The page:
COLUMBUS — During a break early in Saturday's game against Michigan, Ohio State honored a handful of players from its 1942 national championship team and unveiled a new permanent banner on the fa ade of the upper deck memorializing its coach, Paul Brown.
This was no little thing. There has been one coach — and one coach only — hanging, so to speak, from the upper deck in the ancient Horseshoe for years and years.
Woody Hayes, he of the 13 Big Ten championships and five national titles, the guy who would have worn a short-sleeve white dress shirt on a day like Saturday (not jackets and gloves as both current coaches did), the Michigan-hater who would never have taken a knee in the waning seconds when there were more points to be had, the hot-head whose answer to some unappreciated officiating might have been to turn the first-down sticks into javelins, he has long been in the hearts and memories, some might say the souls, of Buckeye fans.
Now, Woody has some company up there over the railings. And what it means, of course, is that Jim Tressel will be up there someday too. He has one national championship notch on his belt, and after Saturday's 37-7 win is 9-1 against TSUN — that school up north — while capturing a share of a sixth straight conference title.
Tressel said earlier last week that regardless of all other successes or failures, OSU players and coaches are defined by how they fare against Michigan. That being the case, Tressel is well defined.
So too is UM coach Rich Rodriguez, although his 0-3 record by a combined score of 100-24 against the Buckeyes is just a slice of his recent professional life and strife. Some Wolverine fans might suggest it's time to dangle him from some stadium rafters too. Literally.
Rodriguez watched his team compete, maybe even outplay the Bucks early on Saturday, then fold like a house of cards when some adversity set in. UM pulled within 10-7 midway through the second quarter and Ohio State's Jordan Hall returned the ensuing kickoff 85 yards. Anybody who suggests the Wolverines played real hard from that point is just making small talk.
UM is 7-5 and is headed for a bowl game for the first time under RichRod, but his overall record of 15-21 and, without doubt, his 6-18 record in Big Ten play has fanned the flames of speculation.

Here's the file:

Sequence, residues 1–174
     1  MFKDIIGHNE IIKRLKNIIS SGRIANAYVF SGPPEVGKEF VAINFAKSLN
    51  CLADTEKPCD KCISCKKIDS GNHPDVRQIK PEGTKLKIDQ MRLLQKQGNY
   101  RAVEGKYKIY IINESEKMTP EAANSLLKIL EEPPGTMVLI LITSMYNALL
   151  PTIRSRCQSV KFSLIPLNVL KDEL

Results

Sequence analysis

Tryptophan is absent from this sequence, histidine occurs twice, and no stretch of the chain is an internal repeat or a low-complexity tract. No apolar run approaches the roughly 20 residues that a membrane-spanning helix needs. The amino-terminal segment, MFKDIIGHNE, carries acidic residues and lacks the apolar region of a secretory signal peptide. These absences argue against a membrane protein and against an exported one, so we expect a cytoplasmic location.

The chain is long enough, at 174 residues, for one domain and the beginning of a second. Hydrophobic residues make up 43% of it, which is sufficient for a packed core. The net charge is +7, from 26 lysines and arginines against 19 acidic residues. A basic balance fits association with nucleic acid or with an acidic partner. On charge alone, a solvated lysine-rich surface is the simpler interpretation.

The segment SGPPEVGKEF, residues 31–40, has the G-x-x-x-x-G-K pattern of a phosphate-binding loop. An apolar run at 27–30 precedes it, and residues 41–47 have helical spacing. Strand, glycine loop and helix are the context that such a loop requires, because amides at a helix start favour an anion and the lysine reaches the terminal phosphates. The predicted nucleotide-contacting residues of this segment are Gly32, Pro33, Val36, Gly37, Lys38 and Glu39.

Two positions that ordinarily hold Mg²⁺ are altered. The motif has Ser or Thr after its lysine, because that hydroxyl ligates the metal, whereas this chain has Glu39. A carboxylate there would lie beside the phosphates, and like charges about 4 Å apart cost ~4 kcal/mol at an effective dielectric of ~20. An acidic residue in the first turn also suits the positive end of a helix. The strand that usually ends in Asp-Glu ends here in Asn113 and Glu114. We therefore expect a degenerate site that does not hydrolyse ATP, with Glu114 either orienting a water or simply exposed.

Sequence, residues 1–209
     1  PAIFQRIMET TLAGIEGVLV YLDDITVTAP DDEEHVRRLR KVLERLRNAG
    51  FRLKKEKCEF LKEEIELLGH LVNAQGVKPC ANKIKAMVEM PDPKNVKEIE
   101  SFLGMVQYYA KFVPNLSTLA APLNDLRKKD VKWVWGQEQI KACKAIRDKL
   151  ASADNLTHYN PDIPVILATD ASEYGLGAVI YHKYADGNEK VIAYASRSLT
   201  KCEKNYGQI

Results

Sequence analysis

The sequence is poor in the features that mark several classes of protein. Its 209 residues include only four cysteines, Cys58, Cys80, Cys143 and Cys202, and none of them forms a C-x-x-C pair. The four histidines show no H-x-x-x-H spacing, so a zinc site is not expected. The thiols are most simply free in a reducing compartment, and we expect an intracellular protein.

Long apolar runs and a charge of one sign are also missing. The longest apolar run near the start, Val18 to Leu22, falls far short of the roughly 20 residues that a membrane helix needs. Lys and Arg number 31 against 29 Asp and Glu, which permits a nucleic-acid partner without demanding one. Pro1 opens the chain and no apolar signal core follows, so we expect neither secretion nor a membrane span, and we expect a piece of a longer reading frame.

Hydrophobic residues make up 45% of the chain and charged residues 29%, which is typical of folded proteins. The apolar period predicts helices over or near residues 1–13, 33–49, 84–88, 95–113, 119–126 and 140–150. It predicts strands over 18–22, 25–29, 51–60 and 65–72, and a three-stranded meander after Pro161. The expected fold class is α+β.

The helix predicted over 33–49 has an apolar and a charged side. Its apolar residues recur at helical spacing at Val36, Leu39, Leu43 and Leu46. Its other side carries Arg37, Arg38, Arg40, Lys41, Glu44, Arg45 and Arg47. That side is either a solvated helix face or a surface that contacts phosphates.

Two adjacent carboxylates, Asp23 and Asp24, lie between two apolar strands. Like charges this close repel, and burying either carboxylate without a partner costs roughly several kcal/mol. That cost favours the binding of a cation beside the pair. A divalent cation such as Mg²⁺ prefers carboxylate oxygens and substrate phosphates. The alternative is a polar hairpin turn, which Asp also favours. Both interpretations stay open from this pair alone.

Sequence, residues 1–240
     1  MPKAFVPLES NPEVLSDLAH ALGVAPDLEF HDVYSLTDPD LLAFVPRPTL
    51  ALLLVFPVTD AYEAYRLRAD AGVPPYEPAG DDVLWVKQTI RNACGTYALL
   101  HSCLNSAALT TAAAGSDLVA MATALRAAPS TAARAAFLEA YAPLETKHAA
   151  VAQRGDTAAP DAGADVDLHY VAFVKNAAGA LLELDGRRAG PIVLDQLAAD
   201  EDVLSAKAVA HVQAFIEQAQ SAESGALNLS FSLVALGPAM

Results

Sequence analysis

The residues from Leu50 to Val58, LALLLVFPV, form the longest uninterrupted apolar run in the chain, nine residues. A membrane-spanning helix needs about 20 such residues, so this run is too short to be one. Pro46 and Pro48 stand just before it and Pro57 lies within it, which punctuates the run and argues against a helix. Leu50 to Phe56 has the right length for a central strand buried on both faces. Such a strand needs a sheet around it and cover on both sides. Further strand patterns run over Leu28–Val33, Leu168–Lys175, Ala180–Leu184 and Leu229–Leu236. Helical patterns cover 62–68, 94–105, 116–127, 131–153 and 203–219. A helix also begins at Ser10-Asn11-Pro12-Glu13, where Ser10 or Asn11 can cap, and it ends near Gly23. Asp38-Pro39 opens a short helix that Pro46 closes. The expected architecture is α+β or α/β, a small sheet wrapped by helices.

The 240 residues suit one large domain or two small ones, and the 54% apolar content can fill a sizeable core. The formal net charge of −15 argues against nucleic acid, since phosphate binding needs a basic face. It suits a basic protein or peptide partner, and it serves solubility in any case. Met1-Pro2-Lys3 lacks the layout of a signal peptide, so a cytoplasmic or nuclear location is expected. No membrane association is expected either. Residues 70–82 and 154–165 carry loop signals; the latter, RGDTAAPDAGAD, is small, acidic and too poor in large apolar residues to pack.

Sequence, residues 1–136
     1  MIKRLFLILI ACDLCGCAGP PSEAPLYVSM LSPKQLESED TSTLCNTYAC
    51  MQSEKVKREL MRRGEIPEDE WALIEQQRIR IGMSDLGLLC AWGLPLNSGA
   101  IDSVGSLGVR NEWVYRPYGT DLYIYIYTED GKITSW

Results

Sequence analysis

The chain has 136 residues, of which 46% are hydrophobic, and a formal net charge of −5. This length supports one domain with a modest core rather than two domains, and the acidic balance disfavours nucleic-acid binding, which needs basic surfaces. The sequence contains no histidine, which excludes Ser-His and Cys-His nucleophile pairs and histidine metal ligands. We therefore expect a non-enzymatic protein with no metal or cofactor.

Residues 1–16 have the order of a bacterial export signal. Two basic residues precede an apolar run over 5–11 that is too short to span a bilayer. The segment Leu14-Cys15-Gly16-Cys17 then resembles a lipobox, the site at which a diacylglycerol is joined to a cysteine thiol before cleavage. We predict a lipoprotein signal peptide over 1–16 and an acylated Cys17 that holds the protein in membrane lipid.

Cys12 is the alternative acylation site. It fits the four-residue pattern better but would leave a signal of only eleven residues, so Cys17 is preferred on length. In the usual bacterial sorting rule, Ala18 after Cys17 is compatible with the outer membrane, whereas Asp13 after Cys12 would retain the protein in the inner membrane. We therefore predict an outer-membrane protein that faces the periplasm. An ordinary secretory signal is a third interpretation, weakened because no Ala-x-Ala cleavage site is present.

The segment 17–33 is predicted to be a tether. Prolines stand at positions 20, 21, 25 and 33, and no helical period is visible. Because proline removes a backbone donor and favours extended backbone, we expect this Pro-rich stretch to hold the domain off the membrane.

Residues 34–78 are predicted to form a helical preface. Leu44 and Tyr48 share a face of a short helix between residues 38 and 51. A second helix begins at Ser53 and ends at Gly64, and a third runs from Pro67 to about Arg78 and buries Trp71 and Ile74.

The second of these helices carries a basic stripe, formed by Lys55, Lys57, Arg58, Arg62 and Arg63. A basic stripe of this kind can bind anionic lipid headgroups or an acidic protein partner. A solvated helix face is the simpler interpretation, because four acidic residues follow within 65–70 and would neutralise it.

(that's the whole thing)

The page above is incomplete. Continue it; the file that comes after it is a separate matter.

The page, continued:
Dave Brandon, the UM athletic director, has said he will review Rodriguez's performance after the season without specifying if that means now or after the bowl game. When asked if he had any thoughts Saturday, Brandon said, “Nope,” and didn't break stride while climbing onto a team bus.
The guess here is that Brandon has to make a change providing there is a candidate out there – as in Jim Harbaugh, currently of Stanford – who Brandon is sure would be both an improvement and someone who might whip Michigan fans out of their funk and into a frenzy.
It doesn't figure the Wolverines can continue with the status quo, although Rodriguez seems eager to soldier on.
“I'm going to work tomorrow, as always,” he said. “I worry about my future every day. … But nothing's going to change how we work. I took this job to make this the best program in America.”
It isn't the best program in Michigan these days. It wouldn't be the best program in a lot of states, including, of course, the one to the immediate south.
RichRod said the building is going slow, slower than he'd like, slower than UM fans would like. But, he added, “I'm not deterred one bit. I think the worst part is behind us. I know it is.”
Maybe, maybe not. He did acknowledge that, just perhaps, there are people out there who “don't want me to have success. [But] I would think most people who follow Michigan and love Michigan do because they love our school and love our program.”
It's a tough love these days, though, and Brandon is surely hearing from the maize-and-blue's heavy hitters that the program they love and the program they are witnessing are two different things.
Rodriguez got a little feisty Saturday when asked about his mood. He said he was “ticked” and then went off on some goofy tangent about stepping outside, holding hands with Buckeye fans, and “singing Kumbaya.”
No need for that. The Wolverines have been plenty friendly to Ohio State in recent years. Just ask Jim Tressel, who will someday, like Woody and Paul, be fondly hoisted onto the Ohio Stadium fa ade for perpetuity, if for no reason other than his ability to nail, not hail, the victors.
Rodriguez's legacy, not to mention his future, in this rivalry is much more precarious.
Contact Blade sports columnist Dave Hackenberg at: firstname.lastname@example.org or 419-724-6398.